J.G. Martin had been taking Keppra, a brand of the medication levetiracetam to treat his seizures since April 2007. Two months later, his pharmacist refilled the prescription with a generic version of the drug without his consent. Assuming the generic was just as good as the brand name product that was controlling his seizures, Martin took the medication. But a week later, he began suffering from debilitating migraines.

“I contacted my doctor’s office and was told they suspected the generic,” Martin wrote in a Coping-With-Epilepsy.com message board. “They said they had a lot of patients experiencing the same problem.”

It turns out that not all drugs with the same active ingredient contain the same inactive ingredient. These inactive ingredients include dyes, fillers or other ingredients that some people may be allergic or sensitive to. Keppra is made by UCB, Inc.; however, there are numerous manufacturers who make generics of Keppra, including ANDA made by Mylan Pharmaceuticals.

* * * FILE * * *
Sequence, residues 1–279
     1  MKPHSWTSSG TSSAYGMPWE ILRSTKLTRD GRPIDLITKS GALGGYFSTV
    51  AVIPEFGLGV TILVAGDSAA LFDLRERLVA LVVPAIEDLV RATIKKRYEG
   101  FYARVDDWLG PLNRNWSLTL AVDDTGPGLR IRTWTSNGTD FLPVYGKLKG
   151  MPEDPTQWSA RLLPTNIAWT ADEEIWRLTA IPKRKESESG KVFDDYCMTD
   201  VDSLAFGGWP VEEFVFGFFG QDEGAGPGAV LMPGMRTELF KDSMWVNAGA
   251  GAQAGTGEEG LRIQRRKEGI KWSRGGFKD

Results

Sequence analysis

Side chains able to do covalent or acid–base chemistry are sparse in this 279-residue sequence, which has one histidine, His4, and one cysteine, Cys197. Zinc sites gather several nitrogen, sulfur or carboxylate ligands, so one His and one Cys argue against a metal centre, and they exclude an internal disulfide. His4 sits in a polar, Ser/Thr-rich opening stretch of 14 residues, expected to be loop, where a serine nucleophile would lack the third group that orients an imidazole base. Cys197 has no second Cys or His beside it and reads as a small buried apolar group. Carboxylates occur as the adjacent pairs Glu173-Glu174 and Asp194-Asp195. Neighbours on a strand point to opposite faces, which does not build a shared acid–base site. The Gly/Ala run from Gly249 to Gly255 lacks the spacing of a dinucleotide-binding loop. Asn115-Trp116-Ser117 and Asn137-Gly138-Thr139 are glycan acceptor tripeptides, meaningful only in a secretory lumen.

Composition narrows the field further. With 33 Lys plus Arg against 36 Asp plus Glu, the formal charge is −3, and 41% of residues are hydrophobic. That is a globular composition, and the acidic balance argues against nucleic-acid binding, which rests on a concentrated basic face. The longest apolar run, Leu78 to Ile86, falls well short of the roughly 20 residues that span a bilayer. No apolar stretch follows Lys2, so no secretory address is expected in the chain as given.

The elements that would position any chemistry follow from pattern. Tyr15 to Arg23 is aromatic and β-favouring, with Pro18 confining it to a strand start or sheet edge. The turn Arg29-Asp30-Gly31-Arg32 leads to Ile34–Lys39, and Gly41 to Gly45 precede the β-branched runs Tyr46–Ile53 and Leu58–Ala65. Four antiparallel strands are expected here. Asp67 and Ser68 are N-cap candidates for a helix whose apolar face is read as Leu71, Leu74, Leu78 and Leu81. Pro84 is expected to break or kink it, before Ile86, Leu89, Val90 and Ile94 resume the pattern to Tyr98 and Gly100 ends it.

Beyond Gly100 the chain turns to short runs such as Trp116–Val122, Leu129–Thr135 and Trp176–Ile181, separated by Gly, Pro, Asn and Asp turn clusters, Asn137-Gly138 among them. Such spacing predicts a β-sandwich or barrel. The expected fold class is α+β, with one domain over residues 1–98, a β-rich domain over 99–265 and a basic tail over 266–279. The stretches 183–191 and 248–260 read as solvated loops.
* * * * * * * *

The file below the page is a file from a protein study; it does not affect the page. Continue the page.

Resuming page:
Aware of the possibility of side effects in patients switching from Keppra to a generic version of the drug, UCB in May 2007 sent a Citizen Petition to the Food and Drug Administration (FDA) urging the agency to order that all antiepileptic drugs contain specific warning information about the possibility of severe adverse reactions in switching patients whose seizures are well controlled on Keppra to a generic brand of levetiracetam.

Mylan Pharmaceuticals countered, sending its own memo to the FDA arguing that UCB “faces an imminent potential loss of exclusivity as the result of pending generic patient challenges brought by Myland and other generic applicants … UCB’s citizen petition is a late-stage attempt to confound and forestall entry of generic Levetiracetam Tablets into the marketplace.”

Martin, however, wishes he were warned. Headaches can be a precursor to his debilitating seizures, and suffering from the migraines caused by generic Keppra was not worth the savings. He switched back to the Keppra brand of levetiracetam and within a week his headaches subsided. “I pay $25 with my insurance for Keppra and paid $15 for generic … it sure is worth the $10 to feel better,” he posted.

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